|Samuel Amaral: When did Abortion become contraception ? Did I transition in another dimension without noticing ? · 13 minutes ag|
The question posed by Mr. Amaral is a good one, and it may be of larger interest. I knew nothing of the answer myself until a little over thirteen years ago when the question came up in the course of the Pre-Cana preparation that my prospective bride and I went through prior to our marriage.
On the face of it, if its etmyology is any guide, the word contraception ought to mean "against conception" -- i.e., the word should be used solely to refer to devices, such as condoms, which prevent conception from taking place.
In practice, however, the word contraception has come to be used much more broadly -- not just for devices that prevent an encounter between egg and seed but also for devices that prevent the product of their encounter, a fertilized egg, from being implanted in the uterus. The morning-after pill does the latter (medical explanation here). It is an abortifacient. It kills an unborn child, already conceived, by preventing its implantation in the uterus. Intra-uterine devices (IUDs) have the same effect. They are abortifacient. They induce abortion.
Ordinary birth-control pills are designed to prevent ovulation. When they do so, they are genuine contraceptives. They prevent conception. If and when, however, they are ineffective in this particular, they can prevent a fertilized egg from implanting in the uterus -- i.e., they can produce an abortion (medical explanation here).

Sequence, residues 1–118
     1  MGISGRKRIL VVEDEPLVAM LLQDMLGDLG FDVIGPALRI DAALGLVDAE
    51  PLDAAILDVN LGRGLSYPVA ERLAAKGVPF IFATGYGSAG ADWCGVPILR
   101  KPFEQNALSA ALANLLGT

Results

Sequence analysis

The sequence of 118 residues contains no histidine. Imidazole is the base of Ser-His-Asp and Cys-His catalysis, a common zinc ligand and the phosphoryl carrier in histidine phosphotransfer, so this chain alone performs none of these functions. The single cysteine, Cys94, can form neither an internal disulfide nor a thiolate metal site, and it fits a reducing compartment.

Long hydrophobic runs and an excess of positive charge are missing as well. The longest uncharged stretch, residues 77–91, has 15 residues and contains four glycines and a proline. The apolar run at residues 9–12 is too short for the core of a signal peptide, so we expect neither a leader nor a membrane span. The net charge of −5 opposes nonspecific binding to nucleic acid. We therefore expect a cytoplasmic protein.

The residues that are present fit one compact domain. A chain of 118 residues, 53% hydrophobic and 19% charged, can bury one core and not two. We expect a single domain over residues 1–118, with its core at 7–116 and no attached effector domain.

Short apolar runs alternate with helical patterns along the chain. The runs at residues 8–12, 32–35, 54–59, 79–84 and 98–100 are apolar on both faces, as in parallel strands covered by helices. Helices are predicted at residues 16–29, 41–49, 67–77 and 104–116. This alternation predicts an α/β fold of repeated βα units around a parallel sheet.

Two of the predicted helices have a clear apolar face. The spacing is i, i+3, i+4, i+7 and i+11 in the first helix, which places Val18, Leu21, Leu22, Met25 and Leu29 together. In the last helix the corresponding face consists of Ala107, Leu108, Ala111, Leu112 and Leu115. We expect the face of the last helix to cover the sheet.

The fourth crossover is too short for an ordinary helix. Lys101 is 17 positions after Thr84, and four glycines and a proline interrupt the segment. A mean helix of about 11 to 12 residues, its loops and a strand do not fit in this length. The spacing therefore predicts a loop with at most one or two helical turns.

The Obama administration recognizes that the Catholic clergy have done next to nothing to explain to Catholics the teaching of the Church regarding any of this, and they are deliberately and cleverly taking advantage of the confusion that has been sown -- by forcing Catholic hospitals and other institutions to provide for those who work for them those abortifacients that masquerade as contraceptive devices.
In doing so, I believe that Barack Obama, Kathleen Sebelius, Nancy Pelosi, and the like have done the Catholic Church and its adherents a great favor -- first, by forcing the bishops, nuns, and priests to address a question they have for nearly fifty years assiduously avoided discussing; and, second, by bringing home to them the degree to which the public provision of medical care, which they have vigorously promoted for nearly forty years, empowers the government to persecute the faithful.
I doubt that most of the bishops currently in office will discover a new-found appreciation for the principles of limited government and for their implications. It is hard to teach an old progressive new tricks. I suspect, however, that many younger priests and seminarians will have occasion to rethink the foolish stands taken by their elders.
It is a sad business, but it is true. Persecution can be and often is good for the Church. In its absence, the Church Militant has a way of turning into the Church Flatulent.